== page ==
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Blindspot Gallery(刺點畫廊)
2018.03.27 Tue - 2018.05.12 Sat
Opening Exhibition
15/F, Po Chai Industrial Building, 28 Wong Chuk Hang Road, Hong Kong(香港黃竹坑道28號保濟工業大廈15樓)
+852 2517 6238
Opening Hours
Tuesday to Saturday, 10am – 6pm (Sunday and Monday by appointment only); closed on public holidays

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‘Going and Coming’
Blindspot Gallery, Hong Kong
[Press Release]

Jiang Zhi’s most recent solo exhibition, “Going and Coming”, is the artist’s reflection on his personal situation and the cyclicality of life. Creating two newly made series that consist of the paintings of Going-and-coming and the photography of Fade, Jiang Zhi uses the myriad formal and material iteration of flowers as the primary subject for a wide range of experimentation. Shown alongside these two series is an immersive four-channel video, In the Wind, which visualises the vehement struggles of individuals against mighty odds. The ensemble of works explores the themes of temporality and impermanence of life, articulating the paradox of material and perception, suffering and experience.

Jiang Zhi,

Jiang Zhi, “Going-and-coming 2016-06″, 2016, Oil on polyester, 83 x 71 cm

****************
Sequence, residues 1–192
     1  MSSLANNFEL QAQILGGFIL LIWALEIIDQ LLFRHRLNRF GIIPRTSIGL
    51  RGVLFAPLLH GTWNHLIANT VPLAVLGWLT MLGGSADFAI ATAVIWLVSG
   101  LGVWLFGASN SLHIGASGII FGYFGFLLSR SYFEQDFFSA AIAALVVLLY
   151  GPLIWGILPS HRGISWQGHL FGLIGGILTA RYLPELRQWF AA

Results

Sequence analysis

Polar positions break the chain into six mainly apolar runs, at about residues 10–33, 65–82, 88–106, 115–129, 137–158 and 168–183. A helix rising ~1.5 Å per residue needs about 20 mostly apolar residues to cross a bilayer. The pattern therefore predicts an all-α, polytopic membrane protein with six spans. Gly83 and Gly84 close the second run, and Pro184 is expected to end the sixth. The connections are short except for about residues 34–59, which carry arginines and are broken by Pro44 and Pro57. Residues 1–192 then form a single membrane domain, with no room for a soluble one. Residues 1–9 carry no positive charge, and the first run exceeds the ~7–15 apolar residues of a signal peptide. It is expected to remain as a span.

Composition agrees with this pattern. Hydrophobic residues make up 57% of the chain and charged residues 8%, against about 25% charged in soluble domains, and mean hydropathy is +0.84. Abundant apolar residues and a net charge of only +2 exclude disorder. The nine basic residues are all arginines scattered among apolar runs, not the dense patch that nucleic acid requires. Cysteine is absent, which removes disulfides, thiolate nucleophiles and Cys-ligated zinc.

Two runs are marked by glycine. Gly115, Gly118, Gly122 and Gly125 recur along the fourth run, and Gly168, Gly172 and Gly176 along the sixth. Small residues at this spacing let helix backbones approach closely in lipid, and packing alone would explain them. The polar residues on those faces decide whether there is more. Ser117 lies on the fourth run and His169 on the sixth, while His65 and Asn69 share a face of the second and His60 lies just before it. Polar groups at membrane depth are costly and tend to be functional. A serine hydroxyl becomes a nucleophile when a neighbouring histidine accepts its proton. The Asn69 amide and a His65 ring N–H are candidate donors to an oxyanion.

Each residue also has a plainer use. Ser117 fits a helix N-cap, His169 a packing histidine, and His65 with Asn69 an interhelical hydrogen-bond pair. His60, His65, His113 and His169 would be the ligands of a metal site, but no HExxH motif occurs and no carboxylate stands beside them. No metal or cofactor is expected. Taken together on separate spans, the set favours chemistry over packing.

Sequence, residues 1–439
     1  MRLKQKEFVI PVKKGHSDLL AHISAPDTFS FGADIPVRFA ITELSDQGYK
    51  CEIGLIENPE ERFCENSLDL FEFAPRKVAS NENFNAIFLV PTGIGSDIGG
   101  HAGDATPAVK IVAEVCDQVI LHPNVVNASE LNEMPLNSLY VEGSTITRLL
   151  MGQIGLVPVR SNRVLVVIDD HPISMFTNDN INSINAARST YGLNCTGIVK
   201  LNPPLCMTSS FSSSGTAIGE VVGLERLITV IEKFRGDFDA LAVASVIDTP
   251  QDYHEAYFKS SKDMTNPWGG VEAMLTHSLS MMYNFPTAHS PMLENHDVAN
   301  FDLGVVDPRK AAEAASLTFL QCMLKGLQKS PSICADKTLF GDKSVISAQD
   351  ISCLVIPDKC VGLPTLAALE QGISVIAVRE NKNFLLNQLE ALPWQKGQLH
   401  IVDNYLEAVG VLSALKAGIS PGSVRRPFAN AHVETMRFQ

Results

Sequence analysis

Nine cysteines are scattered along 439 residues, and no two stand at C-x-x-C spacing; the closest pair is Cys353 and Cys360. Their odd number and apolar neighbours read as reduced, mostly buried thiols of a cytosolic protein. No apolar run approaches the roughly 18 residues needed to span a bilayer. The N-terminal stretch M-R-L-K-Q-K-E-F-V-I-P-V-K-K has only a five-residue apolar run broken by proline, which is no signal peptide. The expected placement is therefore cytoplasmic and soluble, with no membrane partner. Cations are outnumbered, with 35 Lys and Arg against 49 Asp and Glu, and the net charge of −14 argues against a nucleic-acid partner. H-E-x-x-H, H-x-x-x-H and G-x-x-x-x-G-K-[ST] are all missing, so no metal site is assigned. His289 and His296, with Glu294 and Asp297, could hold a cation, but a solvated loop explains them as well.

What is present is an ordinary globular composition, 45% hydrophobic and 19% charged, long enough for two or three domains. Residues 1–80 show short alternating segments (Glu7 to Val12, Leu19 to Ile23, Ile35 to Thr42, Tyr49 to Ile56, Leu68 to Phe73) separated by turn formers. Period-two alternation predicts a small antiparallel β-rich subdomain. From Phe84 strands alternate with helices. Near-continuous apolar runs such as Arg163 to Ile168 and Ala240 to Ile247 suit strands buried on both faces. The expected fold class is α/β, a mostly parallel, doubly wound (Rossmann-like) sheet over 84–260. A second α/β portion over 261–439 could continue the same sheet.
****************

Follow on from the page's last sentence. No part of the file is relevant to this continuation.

(Image courtesy of artist and Blindspot Gallery)

Going-and-coming and Fade aim to recombine and restructure the flowers used in Love Letters, Jiang’s iconic photographic series from 2010-2016. Poignantly highlighting the inevitable transience of blooming flowers, Jiang created the Love Letters series by dousing different kinds of living flowers with alcohol, setting them ablaze, and capturing the split second when petals and flame coexisted in equanimity.

In the Going-and-coming series, the artist utilises the dried flowers left from Love Letters and captures the different moments when they move about on a spinning table, suspended in a temporal series of movement and fragments, ever returning and reincarnating. Engaging with the materiality of oil pigment and the porousness of silk screens, the artist composes the painting in verso and recto, and disrupts the illusion of coherence and linearity. These flowers thus achieve a second life through the reappearance of heterogeneity through the representation of homogeneity, purporting a way to perceive the organic multiplicity of life.